On top of that, if your little one has a disability, you can get up £1000 every three months or a total of £4000 a year.

How do I know if I’m entitled to tax-free childcare?

You’re eligible for tax-free childcare if:

  • You’re working, on shared paternal, maternity, paternity or adoption leave
  • You and your partner will earn the National Minimum Wage or Living Wage for 16 hours a week over the next 3 months
  • Both yours and your partner's income is below £100k (including expected bonuses). To find out more, read on the government website for tax-free childcare.
  • Your child is 11 or under
  • You (or your partner) have a National Insurance number and you either hold a British or Irish citizenship, have acquired a settled or pre-settled status, or permission to public funds.

Potential benefit: £2,000 per year!

Setting up tax-free childcare online only takes you 20 minutes - apply here.

What you can do on a daily basis

Time flies and children grow up fast. Depending on the goals you set to achieve for their future, it can get quite expensive. That's why you should make sure you think through all the expenses involved in:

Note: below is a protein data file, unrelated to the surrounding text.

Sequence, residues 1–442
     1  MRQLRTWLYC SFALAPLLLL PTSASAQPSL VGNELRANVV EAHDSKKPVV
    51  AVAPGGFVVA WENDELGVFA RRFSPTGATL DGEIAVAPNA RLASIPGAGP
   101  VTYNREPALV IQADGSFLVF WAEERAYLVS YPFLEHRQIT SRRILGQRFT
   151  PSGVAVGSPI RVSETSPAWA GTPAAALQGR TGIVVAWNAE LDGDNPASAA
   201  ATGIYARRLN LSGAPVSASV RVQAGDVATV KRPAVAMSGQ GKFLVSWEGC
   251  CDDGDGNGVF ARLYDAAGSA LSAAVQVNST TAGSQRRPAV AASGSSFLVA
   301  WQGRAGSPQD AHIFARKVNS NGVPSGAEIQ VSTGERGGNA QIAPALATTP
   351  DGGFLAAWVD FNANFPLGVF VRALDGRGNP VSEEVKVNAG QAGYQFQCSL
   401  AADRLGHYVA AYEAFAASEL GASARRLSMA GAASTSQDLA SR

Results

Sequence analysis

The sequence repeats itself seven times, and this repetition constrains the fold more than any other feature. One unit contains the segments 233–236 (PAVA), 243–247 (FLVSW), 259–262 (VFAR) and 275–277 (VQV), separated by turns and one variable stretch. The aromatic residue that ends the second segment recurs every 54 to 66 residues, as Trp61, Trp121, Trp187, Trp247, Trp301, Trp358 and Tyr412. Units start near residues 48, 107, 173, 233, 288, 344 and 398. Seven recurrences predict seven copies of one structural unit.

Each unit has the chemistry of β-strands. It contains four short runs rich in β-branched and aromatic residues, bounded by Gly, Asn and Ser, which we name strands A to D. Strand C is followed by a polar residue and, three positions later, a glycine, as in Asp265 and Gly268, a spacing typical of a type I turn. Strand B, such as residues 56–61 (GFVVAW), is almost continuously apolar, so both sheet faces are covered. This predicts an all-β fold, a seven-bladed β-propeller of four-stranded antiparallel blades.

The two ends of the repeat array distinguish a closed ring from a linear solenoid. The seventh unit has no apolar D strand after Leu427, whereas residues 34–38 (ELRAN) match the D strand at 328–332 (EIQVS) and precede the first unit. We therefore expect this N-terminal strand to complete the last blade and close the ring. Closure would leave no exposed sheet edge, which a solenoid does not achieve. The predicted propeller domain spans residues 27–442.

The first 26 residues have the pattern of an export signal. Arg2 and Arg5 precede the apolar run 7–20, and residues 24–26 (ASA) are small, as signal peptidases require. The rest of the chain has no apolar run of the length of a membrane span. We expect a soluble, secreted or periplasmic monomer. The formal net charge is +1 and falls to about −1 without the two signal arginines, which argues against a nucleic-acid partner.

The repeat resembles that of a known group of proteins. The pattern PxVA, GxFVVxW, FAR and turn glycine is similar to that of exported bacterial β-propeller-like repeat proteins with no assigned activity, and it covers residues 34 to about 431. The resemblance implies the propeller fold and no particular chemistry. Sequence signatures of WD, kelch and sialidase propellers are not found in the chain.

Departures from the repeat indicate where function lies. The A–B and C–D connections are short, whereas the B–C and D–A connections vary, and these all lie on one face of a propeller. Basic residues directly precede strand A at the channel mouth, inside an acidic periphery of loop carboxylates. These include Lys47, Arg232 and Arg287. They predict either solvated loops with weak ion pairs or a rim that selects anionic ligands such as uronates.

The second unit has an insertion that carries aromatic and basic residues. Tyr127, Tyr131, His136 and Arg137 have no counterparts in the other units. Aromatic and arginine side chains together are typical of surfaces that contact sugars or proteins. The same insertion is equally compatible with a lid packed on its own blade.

• school fees 📚
  • uni fees 🎓
  • their first car 🚗
  • or first home deposit 🏡

Check out our full guide on saving and investing for your children's future.

If you’re in a rush, we have listed two of the most popular ways that you can opt for below.

Junior ISAs

A Junior ISA is a tax-free way to save or invest for children. This means you don’t need to pay any:

  • income tax on the interest you earn from your savings
  • dividend tax on any dividends you receive from stocks & shares
  • capital gains tax on any profit you make on your savings or investments

There are two types of Junior ISAs:

  1. Cash Junior ISA - savings
  2. Stocks and Shares Junior iSA - investing

Cash Junior ISA

A Cash Junior ISA is risk-free way to save your money. The funds sit in a bank account, similarly to any other savings account and is usually covered by FSCS up to £85k.

The interest rate varies around 1.6% to 2.4%. This is a better rate than your average savings account. However the rate is still low and it may not help you reach your long term goals when saving for your child.

Especially for the first 18 years of your child’s life.